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Here Comes Santa Claus

He has many faces; here you’ll see some

Santa (Ed Donovan) arrives by ­helicopter near the College Park ­Aviation Museum.

What do children love most about Christmas? I’m betting it’s Santa Claus, the portly guy in the red suit who builds toys in the North Pole each year, then delivers them to well-behaved children on Christmas Eve.
    To the delight of Chesapeake Country children, Santa tends to show up early. You’ll soon see a Santa or two about town — at the mall, skating around the Bowie Ice Rink, or emerging from a helicopter near the College Park Aviation Museum.
    But did you know that each Santa your child meets is unique — in his age, in his longevity, in the means by which he arrives, in the historic period he represents? Or that Santa Claus evolved during the intermingling of customs of so many ethnic groups who settled in America?
    So, you might ask, which of these characters has got it right? Which is accurately portraying America’s beloved Christmas elf?
    The truth is that nobody knows — and nobody cares. We love them all.

St. Nicholas to Santa Claus

    Let’s step back to the fourth century A.D. to meet the inspiration for today’s American Santa Claus. The original Secret Santa who became St. Nicholas was a kind and generous bishop in what was then Greece and now Turkey.
    Historians generally agree that Nicholas was born into wealth but that after his parents’ deaths he became a bishop and used his sizeable inheritance to aid the needy and the suffering. He acquired a reputation as a giver of gifts, quietly and modestly, expecting nothing in return. Miracles were ascribed to him.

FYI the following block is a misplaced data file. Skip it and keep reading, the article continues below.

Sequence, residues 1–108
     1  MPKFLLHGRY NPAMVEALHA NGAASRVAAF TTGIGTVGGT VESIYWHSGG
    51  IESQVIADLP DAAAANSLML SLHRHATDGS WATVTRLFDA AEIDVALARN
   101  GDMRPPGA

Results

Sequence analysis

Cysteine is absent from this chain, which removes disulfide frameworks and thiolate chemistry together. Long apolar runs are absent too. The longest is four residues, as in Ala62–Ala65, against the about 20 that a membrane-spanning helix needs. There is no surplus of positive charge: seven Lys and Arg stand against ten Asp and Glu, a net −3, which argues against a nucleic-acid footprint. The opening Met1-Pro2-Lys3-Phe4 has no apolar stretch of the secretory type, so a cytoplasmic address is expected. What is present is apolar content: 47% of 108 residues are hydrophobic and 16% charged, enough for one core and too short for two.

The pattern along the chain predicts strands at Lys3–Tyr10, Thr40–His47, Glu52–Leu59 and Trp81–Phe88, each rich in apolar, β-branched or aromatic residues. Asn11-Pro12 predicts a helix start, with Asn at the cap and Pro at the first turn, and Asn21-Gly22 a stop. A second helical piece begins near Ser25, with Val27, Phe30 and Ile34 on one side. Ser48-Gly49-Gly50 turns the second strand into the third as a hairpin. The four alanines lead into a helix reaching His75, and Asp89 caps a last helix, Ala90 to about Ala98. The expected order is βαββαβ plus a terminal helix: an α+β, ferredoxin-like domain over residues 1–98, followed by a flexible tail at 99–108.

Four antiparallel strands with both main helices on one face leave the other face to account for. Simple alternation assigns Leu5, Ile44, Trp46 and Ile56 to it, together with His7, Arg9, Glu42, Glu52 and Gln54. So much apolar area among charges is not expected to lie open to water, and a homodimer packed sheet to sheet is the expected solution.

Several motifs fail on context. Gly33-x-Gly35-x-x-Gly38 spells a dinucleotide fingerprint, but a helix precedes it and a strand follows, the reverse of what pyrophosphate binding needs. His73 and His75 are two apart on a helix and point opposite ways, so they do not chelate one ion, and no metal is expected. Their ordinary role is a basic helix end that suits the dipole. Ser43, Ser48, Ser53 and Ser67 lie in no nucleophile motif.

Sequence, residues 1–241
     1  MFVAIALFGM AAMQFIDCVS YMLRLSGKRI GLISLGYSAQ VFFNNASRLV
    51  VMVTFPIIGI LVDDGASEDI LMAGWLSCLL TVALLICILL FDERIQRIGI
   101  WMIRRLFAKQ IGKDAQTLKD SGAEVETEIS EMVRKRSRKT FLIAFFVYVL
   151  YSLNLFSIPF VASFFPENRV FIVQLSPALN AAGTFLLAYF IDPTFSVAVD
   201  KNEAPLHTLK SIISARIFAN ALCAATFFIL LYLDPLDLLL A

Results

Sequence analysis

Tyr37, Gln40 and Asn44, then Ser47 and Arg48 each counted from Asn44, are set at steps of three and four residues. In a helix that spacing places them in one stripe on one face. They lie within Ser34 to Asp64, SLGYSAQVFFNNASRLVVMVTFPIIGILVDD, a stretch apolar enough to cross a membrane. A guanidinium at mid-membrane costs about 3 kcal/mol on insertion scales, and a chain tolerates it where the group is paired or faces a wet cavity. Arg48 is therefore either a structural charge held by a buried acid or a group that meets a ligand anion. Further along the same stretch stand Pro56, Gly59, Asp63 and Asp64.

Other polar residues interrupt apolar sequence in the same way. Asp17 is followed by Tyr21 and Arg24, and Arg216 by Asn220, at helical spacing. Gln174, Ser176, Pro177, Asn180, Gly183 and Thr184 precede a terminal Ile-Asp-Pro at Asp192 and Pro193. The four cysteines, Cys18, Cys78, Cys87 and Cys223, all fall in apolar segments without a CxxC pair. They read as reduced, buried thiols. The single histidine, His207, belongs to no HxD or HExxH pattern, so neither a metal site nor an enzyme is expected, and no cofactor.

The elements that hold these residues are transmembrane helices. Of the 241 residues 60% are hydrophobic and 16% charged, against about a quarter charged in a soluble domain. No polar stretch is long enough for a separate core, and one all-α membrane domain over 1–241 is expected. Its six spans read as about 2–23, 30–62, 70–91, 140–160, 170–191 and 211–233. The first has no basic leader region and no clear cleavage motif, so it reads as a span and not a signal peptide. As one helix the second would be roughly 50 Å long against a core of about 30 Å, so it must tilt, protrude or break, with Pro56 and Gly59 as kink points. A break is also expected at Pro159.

At Riversdale House Museum, veteran Santa Ed Sobansky of Bowie portrays the Belgian Sint Niklaas.

    Following the death of the esteemed Bishop Nicholas in 342 A.D., reverence for him spread, and his December 6 Feast Day was celebrated throughout Europe. Bishop Nicholas died many centuries before the Roman Catholic Church formally canonized saints, but he was acknowledged as St. Nicholas, patron saint of children, sailors and assorted others.
    How did this beloved saint morph into the more secular American Santa Claus?
    Well, it was a slow process, starting in Europe.
    For centuries in much of Europe, the day of gift-giving falls on or around the December 6 feast day of St. Nicholas. But each nation has given it a unique twist.
    Swiss children, for example, ­welcome Samichlaus.
    Dutch children watch for Sint Niklaas (or Sinterklaas), who arrives by sea as early as mid-November. Once welcomed, St. Nikk travels the countryside on a white horse, visiting children.
    In Belgium, children put out shoes or socks for the Saint’s arrival, along with treats for his horse, hoping to receive small presents.